Abstract: Lack of access to banking is a major problem that contributes to inequality in the developing world. For this reason, financial inclusion is a crucial objective of the Sustainable Development Goals (SDGs). In this study, we investigate the impact of the sustainable practices of multinational banks (MNBs) on financial inclusion. Drawing from a sample of 24 developing countries and 28,089 individuals, we obtain robust evidence about the positive effect of sustainable practices on financial inclusion. We find that MNBs increase the use of mobile bank accounts in the developing world. We also find that when these MNBs follow sustainable practices, the use of mobile bank accounts positively intensifies. These findings are consequential because mobile banking is one of the most powerful means to achieve financial inclusion in the developing world.
    Keywords: sustainable banking; finance inclusion; mobile banking accounts; sustainable development goals
    JEL: G00 G20 G21 Q01 Q56 D63
    Date: 2022
  14. By: Andrea Otero-Cortés
    Abstract: This paper estimates the marginal treatment effect of informality on wages for Brazil at the individual level using regional data on labor inspectors for identification. The results show that there is significant essential heterogeneity among otherwise identical workers that lead them to self-select into the type of jobs, formal or informal, that better reward their skills. The Average Treatment Effect (ATE) is 22%, but not statistically different from zero. But there are individuals with very low non-observed costs of formality that in fact earn premiums of up to 100% of their wage rate from being formal and workers who would be hurt from switching to formality as they experience very high non-observed costs of being formal. Two policy experiments in which we tighten enforcement of the labor law via hiring more labor inspectors increases the likelihood of workers being formal, but it has, on average, a negative effect on wages for the workers who are induced to switch from informality to formality. **** RESUMEN: Este documento estima para Brasil el efecto marginal de la formalidad laboral en los salarios a nivel individual utilizando una combinación de datos regionales sobre inspecciones laborales y actividad económica. Los resultados muestran que existe una heterogeneidad esencial significativa entre trabajadores que son idénticos en sus características observadas, que los lleva a auto-seleccionarse en el tipo de trabajos, formales o informales, que recompensan mejor sus habilidades. El efecto promedio del tratamiento (ATE) es del 22%, pero no es estadísticamente diferente de cero. Sin embargo, hay individuos con costos de formalidad no observados muy bajos que de hecho ganan primas de hasta el 100% de su salario por ser formales y trabajadores que se verían perjudicados por cambiar a la formalidad ya que experimentan costos no observados muy altos de ser formales. Dos experimentos de políticas en los que imponemos una aplicación más estricta de la ley laboral mediante la contratación de más inspectores laborales aumenta la probabilidad de que los trabajadores sean formales, pero tiene, en promedio, un efecto negativo en los salarios de los trabajadores que son inducidos a pasar de la informalidad a la formalidad.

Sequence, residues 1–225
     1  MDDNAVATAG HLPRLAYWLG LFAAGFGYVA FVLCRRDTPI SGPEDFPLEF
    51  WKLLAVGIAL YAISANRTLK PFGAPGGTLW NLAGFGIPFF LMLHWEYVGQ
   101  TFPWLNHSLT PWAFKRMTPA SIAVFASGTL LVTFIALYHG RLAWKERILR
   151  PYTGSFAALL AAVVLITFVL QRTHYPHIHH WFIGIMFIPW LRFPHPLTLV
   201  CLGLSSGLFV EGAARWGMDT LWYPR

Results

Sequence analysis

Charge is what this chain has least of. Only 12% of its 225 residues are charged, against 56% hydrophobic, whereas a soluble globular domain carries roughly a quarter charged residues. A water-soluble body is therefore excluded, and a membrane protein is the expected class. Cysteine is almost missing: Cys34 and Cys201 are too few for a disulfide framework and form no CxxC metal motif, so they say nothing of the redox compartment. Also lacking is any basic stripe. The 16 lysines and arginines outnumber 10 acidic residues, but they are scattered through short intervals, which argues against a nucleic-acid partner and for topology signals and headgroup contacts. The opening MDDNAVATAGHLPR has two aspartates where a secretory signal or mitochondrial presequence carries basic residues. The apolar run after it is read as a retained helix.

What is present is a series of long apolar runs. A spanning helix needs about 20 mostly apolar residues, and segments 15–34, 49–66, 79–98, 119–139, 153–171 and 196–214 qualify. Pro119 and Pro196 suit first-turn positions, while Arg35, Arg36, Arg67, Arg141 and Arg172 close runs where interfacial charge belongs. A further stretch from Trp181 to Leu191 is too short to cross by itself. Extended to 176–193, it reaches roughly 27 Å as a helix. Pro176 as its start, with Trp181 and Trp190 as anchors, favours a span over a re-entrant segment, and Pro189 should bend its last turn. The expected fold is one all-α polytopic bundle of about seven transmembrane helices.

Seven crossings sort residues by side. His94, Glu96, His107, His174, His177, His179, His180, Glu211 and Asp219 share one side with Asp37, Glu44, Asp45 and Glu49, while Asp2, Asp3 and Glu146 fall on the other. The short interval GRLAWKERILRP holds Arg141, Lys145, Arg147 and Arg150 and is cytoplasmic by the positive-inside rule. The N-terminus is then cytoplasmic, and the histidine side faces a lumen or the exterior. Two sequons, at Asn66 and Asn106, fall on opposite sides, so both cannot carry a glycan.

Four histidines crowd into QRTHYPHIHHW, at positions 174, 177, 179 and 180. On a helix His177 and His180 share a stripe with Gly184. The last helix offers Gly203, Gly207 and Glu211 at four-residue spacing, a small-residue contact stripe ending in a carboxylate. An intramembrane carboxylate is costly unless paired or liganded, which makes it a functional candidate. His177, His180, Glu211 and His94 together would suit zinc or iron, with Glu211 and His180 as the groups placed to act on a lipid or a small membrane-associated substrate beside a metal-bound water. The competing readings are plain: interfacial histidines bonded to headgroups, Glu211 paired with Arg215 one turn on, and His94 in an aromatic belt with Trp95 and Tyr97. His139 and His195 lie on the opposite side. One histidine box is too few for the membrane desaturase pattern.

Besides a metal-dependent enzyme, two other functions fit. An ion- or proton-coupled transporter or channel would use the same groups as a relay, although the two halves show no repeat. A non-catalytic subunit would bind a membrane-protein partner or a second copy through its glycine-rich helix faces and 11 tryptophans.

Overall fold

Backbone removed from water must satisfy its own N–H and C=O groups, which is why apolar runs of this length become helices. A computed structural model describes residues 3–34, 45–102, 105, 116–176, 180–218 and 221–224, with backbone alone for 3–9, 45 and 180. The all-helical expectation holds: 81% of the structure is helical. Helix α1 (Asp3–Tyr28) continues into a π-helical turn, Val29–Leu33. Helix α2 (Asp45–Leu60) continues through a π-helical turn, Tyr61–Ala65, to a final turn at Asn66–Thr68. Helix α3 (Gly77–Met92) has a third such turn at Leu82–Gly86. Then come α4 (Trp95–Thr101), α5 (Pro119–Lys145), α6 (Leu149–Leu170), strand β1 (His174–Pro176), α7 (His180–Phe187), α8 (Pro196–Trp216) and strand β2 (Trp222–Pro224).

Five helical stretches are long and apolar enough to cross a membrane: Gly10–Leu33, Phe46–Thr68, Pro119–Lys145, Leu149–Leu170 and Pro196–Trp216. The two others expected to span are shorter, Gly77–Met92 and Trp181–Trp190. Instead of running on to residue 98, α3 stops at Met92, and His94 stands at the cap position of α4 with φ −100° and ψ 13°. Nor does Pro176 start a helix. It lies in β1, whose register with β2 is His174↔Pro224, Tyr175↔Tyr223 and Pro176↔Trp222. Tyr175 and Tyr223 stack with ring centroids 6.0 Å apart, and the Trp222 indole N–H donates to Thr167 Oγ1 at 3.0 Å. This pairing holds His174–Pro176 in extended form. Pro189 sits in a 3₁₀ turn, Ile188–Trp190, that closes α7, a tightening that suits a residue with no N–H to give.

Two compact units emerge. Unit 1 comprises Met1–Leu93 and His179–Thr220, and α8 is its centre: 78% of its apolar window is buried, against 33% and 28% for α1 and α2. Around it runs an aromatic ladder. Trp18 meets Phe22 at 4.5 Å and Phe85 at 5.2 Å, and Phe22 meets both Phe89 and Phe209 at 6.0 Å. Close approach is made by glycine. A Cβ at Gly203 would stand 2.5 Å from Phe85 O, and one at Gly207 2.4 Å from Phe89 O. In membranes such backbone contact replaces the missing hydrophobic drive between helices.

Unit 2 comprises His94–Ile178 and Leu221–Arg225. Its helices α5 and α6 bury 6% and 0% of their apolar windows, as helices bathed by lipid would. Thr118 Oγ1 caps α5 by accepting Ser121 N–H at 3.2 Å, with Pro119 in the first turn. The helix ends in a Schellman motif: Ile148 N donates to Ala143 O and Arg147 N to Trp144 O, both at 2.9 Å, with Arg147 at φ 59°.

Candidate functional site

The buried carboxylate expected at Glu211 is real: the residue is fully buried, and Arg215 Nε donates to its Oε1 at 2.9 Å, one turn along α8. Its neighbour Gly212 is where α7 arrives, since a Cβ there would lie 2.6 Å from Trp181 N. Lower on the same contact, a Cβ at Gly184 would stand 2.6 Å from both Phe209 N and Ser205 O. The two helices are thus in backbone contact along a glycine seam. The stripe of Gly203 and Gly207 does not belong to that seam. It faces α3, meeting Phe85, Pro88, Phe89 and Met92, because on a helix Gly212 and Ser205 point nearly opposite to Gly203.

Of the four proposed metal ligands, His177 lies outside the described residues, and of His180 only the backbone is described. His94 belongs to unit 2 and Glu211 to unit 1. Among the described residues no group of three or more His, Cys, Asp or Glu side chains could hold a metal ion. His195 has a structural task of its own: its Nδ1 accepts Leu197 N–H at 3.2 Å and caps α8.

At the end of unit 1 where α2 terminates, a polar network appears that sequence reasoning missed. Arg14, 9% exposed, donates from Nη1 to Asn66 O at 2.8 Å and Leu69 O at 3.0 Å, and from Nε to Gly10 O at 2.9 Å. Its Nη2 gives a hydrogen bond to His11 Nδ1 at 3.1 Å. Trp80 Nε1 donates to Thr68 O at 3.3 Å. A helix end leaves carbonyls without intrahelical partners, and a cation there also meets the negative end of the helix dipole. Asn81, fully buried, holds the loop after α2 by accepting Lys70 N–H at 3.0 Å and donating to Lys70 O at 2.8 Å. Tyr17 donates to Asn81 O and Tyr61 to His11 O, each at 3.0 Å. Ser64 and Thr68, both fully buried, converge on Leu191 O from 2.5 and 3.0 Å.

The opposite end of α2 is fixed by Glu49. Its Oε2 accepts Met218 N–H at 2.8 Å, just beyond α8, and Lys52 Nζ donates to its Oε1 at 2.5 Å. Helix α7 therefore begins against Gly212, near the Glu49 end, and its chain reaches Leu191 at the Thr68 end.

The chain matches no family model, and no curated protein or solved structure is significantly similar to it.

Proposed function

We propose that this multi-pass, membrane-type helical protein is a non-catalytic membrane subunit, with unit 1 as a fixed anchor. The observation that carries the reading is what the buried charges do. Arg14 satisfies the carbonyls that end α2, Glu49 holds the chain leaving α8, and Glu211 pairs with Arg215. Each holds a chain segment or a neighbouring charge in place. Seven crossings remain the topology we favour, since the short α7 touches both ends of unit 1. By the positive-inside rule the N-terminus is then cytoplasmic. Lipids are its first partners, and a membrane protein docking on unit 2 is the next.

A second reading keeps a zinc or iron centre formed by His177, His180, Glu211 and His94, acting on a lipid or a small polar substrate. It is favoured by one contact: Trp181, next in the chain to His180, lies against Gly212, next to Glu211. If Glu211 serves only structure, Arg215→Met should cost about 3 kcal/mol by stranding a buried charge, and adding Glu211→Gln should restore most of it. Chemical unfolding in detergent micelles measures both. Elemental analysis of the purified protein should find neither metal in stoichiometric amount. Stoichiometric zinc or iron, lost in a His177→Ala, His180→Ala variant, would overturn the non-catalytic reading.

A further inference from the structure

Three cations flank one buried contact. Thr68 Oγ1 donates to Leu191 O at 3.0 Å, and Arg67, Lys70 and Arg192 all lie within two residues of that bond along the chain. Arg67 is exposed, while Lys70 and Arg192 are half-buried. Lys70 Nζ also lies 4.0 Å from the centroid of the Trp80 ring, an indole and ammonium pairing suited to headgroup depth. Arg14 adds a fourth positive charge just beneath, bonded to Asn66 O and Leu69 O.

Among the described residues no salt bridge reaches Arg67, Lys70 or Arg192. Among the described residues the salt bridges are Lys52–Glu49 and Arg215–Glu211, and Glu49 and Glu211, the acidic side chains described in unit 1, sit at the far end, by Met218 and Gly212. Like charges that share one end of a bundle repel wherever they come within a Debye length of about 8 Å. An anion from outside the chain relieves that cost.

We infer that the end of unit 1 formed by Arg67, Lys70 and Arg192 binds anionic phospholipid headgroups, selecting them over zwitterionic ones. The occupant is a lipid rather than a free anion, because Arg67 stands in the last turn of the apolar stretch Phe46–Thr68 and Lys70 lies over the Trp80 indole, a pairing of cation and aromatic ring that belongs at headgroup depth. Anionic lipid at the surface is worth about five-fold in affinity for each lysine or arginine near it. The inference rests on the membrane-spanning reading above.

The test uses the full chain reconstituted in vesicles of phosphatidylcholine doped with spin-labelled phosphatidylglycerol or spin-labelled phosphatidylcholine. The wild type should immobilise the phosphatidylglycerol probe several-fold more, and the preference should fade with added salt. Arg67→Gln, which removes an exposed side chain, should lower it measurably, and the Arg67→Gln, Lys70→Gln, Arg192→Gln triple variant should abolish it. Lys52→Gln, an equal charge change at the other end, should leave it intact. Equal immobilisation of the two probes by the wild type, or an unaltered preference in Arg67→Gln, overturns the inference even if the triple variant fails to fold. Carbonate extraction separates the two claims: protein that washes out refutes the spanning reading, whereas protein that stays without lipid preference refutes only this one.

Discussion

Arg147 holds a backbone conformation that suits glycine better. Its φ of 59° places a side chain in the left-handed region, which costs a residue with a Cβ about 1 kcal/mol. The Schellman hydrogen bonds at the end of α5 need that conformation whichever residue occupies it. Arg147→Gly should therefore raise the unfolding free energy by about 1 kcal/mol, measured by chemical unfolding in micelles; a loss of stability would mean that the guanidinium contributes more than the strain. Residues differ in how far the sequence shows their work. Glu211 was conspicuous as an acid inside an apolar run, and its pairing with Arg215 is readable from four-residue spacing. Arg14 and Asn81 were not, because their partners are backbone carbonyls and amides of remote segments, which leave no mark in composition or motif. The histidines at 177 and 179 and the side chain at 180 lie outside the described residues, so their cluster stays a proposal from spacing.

Keywords: Labor informality, labor regulation, enforcement, marginal treatment effects, Informalidad laboral, regulación laboral, aplicación, efectos marginales de tratamiento
    JEL: H26 J24 J32 J46 K31
    Date: 2022–06–10
  15. By: Mahrt, Kristi; Herforth, Anna W.; Robinson, Sherman; Arndt, Channing; Headey, Derek D.
    Abstract: In most countries and globally, malnutrition rates exceed poverty rates. The World Bank estimates that about 9 percent (689 million) of the global population is poor, yet an estimated 25 percent (2 billion people) suffer from micronutrient deficiencies. Such a discrepancy begs the question: Do standard poverty metrics poorly reflect nutritional needs? The most prevalent methodology for measuring poverty in low- and middle-income countries – the cost of basic needs approach – estimates food baskets that satisfy a dietary energy standard while reflecting consumption patterns of poor households. However, poor households typically consume monotonous diets characterized by large quantities of calorically cheap staple foods that are poor sources of nutrients. This reality creates a circular logic whereby the cost of basic nutritional needs is estimated from populations who are consuming nutritionally inadequate diets. We argue that a healthy diet is a basic need and that the standard used to calculate cost of basic needs food poverty lines should be expanded to satisfy nutritional dietary recommendations, while continuing to reflect context-specific dietary patterns. We develop an approach to estimate food poverty lines that satisfies the food group proportionality associated with healthy diet recommendations while also adhering to observed within-food group consumption patterns of poor households. Furthermore, we address the limitation of estimating a single national food basket – which fails to capture variation in local consumption patterns driven by preferences, availability, and relative prices – by estimating utility-consistent regional poverty lines. We demonstrate the approach using data from Myanmar. Energy-based poverty lines significantly underestimate the cost of acquiring a healthy diet, are severely deficient in multiple micronutrients, and therefore result in a drastic underestimate of the rate of poverty based on a healthy diet standard. The resulting higher cost of basic needs also has important implications for inclusive economic growth strategies and nutrition-sensitive food policies and social protection.